Crude-oil futures on Tuesday saw mixed trade, with international benchmark Brent crude edging lower, while the U.S. benchmark rose amid reports of falling Saudi Arabian exports. Trade talks between the U.S. and China were also being watched for further signs that could boost crude prices. Crude-oil volumes shipped from major producer Saudi Arabia fell in the first half of February to 6.2 million barrels a day, down 1.3 million barrels a day on the previous month, according to data published by ship tracking firm Kpler on Monday. Click read more below for additional detail.
If Big Oil was a two-engine airplane, you could say it’s been flying on a single engine since energy prices crashed in 2014. Now, the second motor is sputtering.
The major integrated oil companies, including Exxon Mobil Corp., Total SA and BP Plc, have relied on their so-called downstream businesses, which include refining crude into gasoline, oil trading and gas stations, to cushion the losses on their upstream units, which pump crude and natural gas.
“The crash in oil prices in late 2014 brought refineries worldwide a pleasant surprise: booming margins,” said Amrita Sen, chief oil analyst at consulting firm Energy Aspects Ltd. in London. “But now, the market is changing.”
BP, the first major to report second-quarter results, showed the impact on Tuesday. The British company said its downstream earnings fell to $1.51 billion from $1.81 billion in the first quarter and $1.87 billion a year ago. Refining margins were the weakest for the April-to-June period in six years, BP said.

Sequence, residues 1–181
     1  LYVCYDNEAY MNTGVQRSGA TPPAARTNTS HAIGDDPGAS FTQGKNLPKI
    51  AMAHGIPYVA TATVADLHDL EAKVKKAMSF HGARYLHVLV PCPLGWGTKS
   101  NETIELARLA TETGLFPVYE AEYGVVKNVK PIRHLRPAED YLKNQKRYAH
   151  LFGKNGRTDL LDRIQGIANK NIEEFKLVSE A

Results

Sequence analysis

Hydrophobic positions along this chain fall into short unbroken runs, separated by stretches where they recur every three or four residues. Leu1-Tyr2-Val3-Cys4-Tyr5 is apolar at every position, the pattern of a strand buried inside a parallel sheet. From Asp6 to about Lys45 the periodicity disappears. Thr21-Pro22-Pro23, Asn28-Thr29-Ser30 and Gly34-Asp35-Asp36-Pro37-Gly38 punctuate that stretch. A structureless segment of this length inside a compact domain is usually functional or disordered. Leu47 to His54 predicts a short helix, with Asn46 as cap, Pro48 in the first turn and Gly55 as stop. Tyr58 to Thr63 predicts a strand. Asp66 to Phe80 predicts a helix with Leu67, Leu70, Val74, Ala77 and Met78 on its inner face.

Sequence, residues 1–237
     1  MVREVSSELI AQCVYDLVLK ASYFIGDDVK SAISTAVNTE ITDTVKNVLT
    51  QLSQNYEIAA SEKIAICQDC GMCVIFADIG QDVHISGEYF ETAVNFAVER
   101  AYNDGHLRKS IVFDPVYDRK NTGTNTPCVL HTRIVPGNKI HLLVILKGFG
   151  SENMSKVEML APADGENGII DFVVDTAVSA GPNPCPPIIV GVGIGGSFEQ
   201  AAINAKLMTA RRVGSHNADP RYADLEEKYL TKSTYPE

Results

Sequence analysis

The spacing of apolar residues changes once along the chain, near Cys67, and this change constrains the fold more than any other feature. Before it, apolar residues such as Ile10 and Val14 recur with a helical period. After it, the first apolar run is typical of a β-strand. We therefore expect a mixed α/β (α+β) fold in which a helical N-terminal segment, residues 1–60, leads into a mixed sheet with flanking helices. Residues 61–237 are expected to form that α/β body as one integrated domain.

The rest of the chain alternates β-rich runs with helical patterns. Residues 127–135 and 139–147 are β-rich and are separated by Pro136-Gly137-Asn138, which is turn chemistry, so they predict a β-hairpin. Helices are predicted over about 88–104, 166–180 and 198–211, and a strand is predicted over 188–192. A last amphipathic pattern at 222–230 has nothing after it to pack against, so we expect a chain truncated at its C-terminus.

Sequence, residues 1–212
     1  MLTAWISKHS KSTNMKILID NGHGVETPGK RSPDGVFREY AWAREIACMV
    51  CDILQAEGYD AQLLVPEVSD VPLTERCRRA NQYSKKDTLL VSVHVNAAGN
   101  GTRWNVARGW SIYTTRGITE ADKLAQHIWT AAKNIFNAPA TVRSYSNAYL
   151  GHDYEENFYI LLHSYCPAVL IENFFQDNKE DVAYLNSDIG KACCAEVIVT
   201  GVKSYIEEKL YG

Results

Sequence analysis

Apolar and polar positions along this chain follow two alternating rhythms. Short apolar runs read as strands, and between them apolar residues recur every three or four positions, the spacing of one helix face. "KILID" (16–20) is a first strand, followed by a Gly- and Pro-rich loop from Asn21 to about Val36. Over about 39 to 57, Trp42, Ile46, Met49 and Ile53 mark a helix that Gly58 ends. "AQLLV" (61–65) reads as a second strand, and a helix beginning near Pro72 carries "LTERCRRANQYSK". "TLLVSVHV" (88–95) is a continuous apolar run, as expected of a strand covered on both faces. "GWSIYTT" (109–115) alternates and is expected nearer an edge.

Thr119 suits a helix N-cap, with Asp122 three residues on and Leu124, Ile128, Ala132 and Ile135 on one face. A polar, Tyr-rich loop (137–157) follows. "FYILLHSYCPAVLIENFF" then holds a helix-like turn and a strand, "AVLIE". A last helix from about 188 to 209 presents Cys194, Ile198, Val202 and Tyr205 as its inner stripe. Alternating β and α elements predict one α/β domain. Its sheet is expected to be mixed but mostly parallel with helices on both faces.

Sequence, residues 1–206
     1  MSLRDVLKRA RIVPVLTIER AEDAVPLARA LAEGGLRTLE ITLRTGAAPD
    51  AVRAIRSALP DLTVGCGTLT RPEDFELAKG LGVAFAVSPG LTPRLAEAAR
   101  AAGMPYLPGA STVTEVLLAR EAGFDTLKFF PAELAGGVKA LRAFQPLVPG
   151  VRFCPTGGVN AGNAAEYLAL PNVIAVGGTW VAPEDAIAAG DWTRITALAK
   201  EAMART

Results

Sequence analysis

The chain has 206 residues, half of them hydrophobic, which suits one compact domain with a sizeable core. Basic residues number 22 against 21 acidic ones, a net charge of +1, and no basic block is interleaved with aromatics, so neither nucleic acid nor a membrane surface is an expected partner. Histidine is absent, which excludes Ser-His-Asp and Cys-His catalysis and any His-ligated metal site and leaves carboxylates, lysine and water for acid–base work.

Worse, the company said the refining margins will remain “under significant pressure.” So far in the third quarter, its in-house measure of margins stood at $10.70 a barrel, little more than half the $20 it achieved between July and September 2015. Valero Energy Corp., the largest U.S. refiner, also said on Tuesday it faced “weaker gasoline and distillate margins” during the quarter.
While the downstream business is sputtering, it’s still keeping the plane aloft. Margins remain well above the depressed levels of $5 to $7 a barrel of the late 1990s and early 2000s.
In part, Big Oil sowed the seeds of its problem. Companies pushed their refining units as hard as possible in late 2015 and early 2016, using them to cushion the impact of low energy prices. All went well while demand growth was robust, but as soon as it slowed, refined products, particularly gasoline, swamped the market.
U.S. gasoline futures briefly fell below $1.31 per gallon on Tuesday, the lowest for this time of the year in at least a decade, before closing 0.9 percent higher. Prices were down 0.5 percent at $1.34 at 11:13 a.m. in London. The drop in gasoline is dragging down crude as investors fear that refiners, facing low margins, will cut processing rates. West Texas Intermediate traded at $42.66 a barrel Wednesday, down about 17 percent from its most recent peak of $51.67 in early June.
more at: http://www.bloomberg.com/news/articles/2016-07-26/oil-majors-lost-one-engine-now-the-second-one-is-sputtering